In 2005, Andy Jackson spoke to the Rt. Rev. Mark
Green, a former Bishop of Aston, who served as an Army Chaplain
during World War II.
His first experience of witnessing combat was
during the D-Day landings in Normandy in June 1944.
In 1945, German and Japanese forces surrendered
to the Allies armies after the invasion of Germany and the use of
atomic bombs in Hiroshima and Nagasaki.
Ordained in 1940, the Rt Rev Mark Green was joined
the 24th Lancers Independent Armoured Brigade in 1943. After training
for the D-Day landings, his regiment landed in France on D-Day+1,
June 7, 1944. An Army Chaplain wears the uniform of the British
Army but does not carry arms - a non-combatant.
I first asked what his role as an Army Chaplain
involved: "I did question my role somewhat because I didn't
have a church. I didn't have any fundraising to do; I didn't have
a roof to look after! I conducted services for troops in bombed
out houses and buildings, and on one occasion a bombed out Roman
"I was doing things that I was not ordained
to do. I would define the role as that of servant. I always based
myself with the regiment's doctor and so one of my roles was to
help evacuate the wounded to field hospitals. I spent a lot of time
in the first week of the [Allied] invasion just ferrying the wounded
people into any vehicle I could find.
The jobs he performed weren't always as easy.
"I also had to scoop the bodies out of tanks. When a tank was
destroyed it became a kind of crematorium and the five members of
the crew normally burnt to death. Somebody had to get the bodies
out and that wasn't a very nice job. That I will never forget."
Coming from training in England and crossing
to Channel to enter a battlefield for the first time with strong
opposition from German forces, Bishop Green said that it wasn't
altogether surprising to feel a sense of exhilaration about going
into the combat arena.
But did troops who had previously not attended
services turned to God as they experienced combat? "There's
an old saying about there being no atheist in a trench and there's
some truth in that but the people I served with were very decent
and ordinary human beings. They weren't turning to God out of cowardice.
"We were all made to think about the meaning
of life and death. Every day was a new day. Nowadays it's taken
for granted but back then every day was a gift. It was a gift to
get to the end of a day. We take far too much for granted now."
But what was it like being a man of God following
the teachings of the Bible preaching to those whose job it was to
kill the enemy?
"I did learn to live with contradictions. It was a contradiction
to teach the Gospel of love while at the same time hearing encouragement
to the troops to fight the enemy to death.
"We have to live to learn with contradictions
I think. However, I never came across what I would call bloody-mindedness
killing on the part of our troops. They did what they had to do,
often at a terrible cost to themselves."
When the war came to an end Bishop Green felt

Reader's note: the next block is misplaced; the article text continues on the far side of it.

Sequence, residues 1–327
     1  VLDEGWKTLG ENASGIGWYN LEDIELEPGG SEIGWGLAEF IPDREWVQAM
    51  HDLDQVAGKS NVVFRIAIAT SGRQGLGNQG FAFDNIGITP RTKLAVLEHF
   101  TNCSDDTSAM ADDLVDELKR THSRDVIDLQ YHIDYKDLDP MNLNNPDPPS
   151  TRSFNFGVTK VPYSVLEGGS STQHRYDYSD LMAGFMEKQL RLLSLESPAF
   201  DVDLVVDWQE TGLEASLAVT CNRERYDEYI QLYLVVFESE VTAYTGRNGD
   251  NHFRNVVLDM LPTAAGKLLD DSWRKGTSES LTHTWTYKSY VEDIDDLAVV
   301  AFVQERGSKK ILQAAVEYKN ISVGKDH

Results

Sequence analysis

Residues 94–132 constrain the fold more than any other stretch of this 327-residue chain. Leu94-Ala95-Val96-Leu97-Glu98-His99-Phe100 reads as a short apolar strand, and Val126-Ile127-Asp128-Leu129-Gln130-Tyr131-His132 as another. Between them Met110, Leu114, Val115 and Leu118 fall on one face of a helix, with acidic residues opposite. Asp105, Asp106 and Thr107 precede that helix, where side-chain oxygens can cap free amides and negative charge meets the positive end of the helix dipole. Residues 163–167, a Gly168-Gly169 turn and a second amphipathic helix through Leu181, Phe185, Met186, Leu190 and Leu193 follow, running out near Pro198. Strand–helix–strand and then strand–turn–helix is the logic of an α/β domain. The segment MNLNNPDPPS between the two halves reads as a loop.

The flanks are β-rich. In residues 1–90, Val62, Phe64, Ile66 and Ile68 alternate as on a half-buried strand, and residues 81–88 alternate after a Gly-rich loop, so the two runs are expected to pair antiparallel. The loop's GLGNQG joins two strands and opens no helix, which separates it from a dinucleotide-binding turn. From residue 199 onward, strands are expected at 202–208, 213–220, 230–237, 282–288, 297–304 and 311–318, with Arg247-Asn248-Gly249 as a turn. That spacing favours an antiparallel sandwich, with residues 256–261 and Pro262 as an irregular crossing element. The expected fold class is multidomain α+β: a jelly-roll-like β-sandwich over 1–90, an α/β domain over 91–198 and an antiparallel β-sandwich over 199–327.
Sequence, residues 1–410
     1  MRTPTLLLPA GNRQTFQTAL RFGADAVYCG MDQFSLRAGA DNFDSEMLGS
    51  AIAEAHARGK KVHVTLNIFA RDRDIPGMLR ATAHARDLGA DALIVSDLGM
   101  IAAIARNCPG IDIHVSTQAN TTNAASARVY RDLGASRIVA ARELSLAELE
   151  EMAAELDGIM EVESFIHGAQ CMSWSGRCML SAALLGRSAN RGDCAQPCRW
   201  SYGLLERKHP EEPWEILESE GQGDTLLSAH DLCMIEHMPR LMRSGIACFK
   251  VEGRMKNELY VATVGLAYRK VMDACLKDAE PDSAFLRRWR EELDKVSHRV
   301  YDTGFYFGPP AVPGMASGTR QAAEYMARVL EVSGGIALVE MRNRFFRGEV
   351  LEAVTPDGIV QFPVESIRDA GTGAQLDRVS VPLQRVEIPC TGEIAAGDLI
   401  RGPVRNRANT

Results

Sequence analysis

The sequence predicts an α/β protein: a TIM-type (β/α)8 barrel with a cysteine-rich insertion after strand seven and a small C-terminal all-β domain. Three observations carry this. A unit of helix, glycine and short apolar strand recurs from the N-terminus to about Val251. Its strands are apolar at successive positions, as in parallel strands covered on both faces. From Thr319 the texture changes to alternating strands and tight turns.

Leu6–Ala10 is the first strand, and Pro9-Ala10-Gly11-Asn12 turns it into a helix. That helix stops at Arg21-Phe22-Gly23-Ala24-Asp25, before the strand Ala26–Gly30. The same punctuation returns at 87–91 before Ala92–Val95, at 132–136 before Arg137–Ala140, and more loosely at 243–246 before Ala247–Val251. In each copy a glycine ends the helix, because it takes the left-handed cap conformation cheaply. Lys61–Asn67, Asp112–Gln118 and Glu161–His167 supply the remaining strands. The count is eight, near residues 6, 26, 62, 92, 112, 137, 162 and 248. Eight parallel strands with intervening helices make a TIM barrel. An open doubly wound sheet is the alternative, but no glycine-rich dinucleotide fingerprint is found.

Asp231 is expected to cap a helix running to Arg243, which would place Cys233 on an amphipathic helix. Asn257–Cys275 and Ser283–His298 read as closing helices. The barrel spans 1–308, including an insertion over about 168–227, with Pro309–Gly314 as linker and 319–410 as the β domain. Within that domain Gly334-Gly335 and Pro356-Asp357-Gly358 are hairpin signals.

relief and sadness because many friends had been killed. He said
that one of the strangest feelings to come from his time of service
after the war was helping to put Germany back on its feet.
"I was there for 18 months after the fighting
had finished and many others were there for longer. We met both
former soldiers and German civilians after the war. It was very
interesting finding out how much they had known about the regime,
Hitler's regime, they all gave the impression that they didn't know
about it, but my feeling was they knew more than they let on.
"I can understand why some people said that
they didn't know too much, but I think they must have known more
than they were willing to tell."
Was it a just war? "Is any war just; can
any war be just? It's a difficult one. Looking back, I think those
of us who were involved in World War II, something had to be done
about the Hitler regime for those who were being subjected to atrocities.
In terms of what both sides did they are all mixed up together.
"In this world you cannot be free from all
stains of humanity. I think we all did the best we could in a terrible
but what I would call unique situation."
Did his army service help when he took over as
Bishop of Aston? "There are more connections than you might
think because I've always defined and acquired various roles for
myself such as being a go between, between the ranks and the junior
ranks and the very senior ranks, between the church at home and
the church in the Army, or a go-between between God and man. What
is a bishop if not that?
"I was also a servant of God. I wasn't ordained
to make tea for wounded soldiers, I wasn't ordained to bury mangled
bodies, but actually I was."
"I'm grateful for having the experience.
If I had my time again I would do it again, very much so."
In 2005, Bishop Green represented the
Royal Army Chaplain's Department, one of the Army's oldest departments,
formed in 1796, at a lunch with the Queen at Buckingham Palace for
veterans, where, he said Grace.
Aid was founded in 1945, initially to help refugees from the Second
World War. You can read more about the organisation's history and
how it helps people now by clicking here
a potted history about life in post-war Germany by clicking here